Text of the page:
This case became part of a weekly display in the Upper Marboro's
Planters
Advocate
. Starting on September 17, 1851 the paper furnished a drumbeat
for the story of how abolitionists caused this problem:

"Report of the death of two Baltimore citizens who attempted to retrieve
their runaway slaves from Chester County, Pa.

Mr. Edward Gorsuch shot dead by former slave and also shot his son Mr.
Dickinson Gorsuch.

80 negroes attacked because abolitionsts had told them to hold their ground.
Over 37 people were arrested mostly colored. Joseph Searlet, a white man,
and William Brown colored committed on charge of high treason. 5 others
charged all colored except Searlet."

The paper also reported on abolitionists encouraging four men from Virginia
who attacked their pursuer. The paper recommended that the abolitionist be
arrested and hung without trial.

By October 8 the paper reported that Elijah Lewis, Caspar Hanway, Joseph
Scarlet, and James Jackson, white men were indited for treason with 27
negroes. The case was set to trial with the
Attorney General of Maryland
Robert J. Brent being appointed by Maryland Governor E Louis Lowe as one
of the prosecuting attorneys. One of the defense attorneys was
Thaddeus
Stevens.

Attorney General Brent had his complaints about the trial:  "I brought to the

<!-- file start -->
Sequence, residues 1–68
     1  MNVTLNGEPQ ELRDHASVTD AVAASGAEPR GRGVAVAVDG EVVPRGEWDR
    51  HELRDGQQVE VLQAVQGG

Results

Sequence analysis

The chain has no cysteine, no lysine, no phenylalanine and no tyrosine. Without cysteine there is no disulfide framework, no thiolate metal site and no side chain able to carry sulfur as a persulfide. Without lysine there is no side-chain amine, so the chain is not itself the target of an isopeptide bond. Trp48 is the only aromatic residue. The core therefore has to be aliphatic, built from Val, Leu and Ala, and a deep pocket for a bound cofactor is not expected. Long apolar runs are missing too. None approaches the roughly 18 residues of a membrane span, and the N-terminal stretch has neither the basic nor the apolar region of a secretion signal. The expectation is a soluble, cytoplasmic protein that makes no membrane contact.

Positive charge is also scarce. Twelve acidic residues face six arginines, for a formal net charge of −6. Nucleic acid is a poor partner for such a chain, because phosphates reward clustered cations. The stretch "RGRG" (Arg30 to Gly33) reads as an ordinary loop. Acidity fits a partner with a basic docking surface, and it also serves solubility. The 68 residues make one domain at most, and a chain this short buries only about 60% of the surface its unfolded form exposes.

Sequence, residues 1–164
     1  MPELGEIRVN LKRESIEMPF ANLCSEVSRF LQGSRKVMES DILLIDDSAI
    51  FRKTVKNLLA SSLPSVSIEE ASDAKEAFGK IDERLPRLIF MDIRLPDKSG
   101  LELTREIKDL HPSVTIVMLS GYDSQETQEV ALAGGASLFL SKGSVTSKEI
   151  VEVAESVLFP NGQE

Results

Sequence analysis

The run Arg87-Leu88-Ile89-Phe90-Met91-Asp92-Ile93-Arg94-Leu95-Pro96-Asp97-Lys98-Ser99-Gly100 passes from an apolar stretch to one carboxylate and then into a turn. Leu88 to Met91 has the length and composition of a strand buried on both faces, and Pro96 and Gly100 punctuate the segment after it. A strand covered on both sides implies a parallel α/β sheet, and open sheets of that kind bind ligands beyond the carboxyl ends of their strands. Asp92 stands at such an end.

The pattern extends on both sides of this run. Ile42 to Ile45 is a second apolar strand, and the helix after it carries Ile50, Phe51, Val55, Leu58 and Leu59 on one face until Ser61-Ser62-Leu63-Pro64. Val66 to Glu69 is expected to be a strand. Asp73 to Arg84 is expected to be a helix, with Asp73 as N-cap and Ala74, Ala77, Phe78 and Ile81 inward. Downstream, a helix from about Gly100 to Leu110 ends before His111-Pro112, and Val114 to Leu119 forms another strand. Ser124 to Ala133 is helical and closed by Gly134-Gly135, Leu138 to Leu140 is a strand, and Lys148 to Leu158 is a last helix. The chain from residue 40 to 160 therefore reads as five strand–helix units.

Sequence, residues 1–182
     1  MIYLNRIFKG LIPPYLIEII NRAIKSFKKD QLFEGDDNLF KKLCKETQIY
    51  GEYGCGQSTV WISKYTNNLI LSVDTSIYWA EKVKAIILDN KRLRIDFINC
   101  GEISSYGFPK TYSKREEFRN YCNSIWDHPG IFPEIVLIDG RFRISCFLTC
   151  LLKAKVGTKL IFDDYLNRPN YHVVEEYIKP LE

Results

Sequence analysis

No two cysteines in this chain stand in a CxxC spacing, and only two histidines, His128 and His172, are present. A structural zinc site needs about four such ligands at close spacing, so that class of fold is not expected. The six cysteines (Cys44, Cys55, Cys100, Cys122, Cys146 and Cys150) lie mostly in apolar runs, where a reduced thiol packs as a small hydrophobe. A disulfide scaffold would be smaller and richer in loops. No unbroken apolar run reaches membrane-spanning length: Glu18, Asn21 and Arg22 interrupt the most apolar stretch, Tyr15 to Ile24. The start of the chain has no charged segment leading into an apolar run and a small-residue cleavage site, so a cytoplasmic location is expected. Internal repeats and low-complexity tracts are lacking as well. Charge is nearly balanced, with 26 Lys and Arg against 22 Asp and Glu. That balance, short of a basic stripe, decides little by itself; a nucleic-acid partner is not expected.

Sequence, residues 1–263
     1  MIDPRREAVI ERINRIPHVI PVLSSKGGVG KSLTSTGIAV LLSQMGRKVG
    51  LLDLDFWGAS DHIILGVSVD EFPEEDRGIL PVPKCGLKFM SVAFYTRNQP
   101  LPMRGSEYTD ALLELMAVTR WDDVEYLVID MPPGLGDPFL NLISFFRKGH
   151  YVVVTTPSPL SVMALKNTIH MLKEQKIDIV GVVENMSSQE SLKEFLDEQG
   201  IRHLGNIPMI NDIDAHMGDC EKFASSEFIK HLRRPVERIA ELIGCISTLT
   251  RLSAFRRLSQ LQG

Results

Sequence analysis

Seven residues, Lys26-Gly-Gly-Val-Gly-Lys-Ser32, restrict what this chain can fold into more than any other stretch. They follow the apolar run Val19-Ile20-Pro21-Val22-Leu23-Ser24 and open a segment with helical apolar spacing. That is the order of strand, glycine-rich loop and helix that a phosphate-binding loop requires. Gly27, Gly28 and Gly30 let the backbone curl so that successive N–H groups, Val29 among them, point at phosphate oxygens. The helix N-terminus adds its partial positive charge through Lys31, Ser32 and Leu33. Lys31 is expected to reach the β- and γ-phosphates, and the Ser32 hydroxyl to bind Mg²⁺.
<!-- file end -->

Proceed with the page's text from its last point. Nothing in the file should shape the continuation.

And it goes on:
attention of the court, the fact stated in the `
Pennsylvania Freeman,' that
the
Marshal (Mr. Roberts) had actually dined with the prisoners, or some of
them, during the trial, on Thanksgiving day, and when I was about to read
the article from the paper I was stopped by his Honor, Judge Grier, who in
behalf of the Marshal, denied the truth of the statement that he had so
dined; but unfortunately for the Judge's interposition, the Marshal
immediately afterwards made his own explanation, and admitted that he had
not only assisted at the dinner, `but had set down and partaken sparingly' of
the Thanksgiving dinner, with the white prisoners. I cannot but consider
such conduct as highly unbecoming that officer from whom, next to the
Judge, we had a right to expect impartiality and a due regard for decorum."
(from "
The Christina Riots and Treason Trials" see above)

The
Philadelphia Freeman of December 4, 1851 said: "It affords us great
pleasure to state, that the Christiana prisoners were not wholly forgotten on
Thursday last in the distribution of the good things pertaining to
Thanksgiving. Thomas L. Kane, Esq. (son of the Judge), sent to the prison
for their use six superior turkeys, two of them extra size, together with a
pound cake, weighing 16 pounds. The turkeys were cooked with appropriate
fixings, by order of Mr. Freed, the Superintendent, in the prison kitchen, by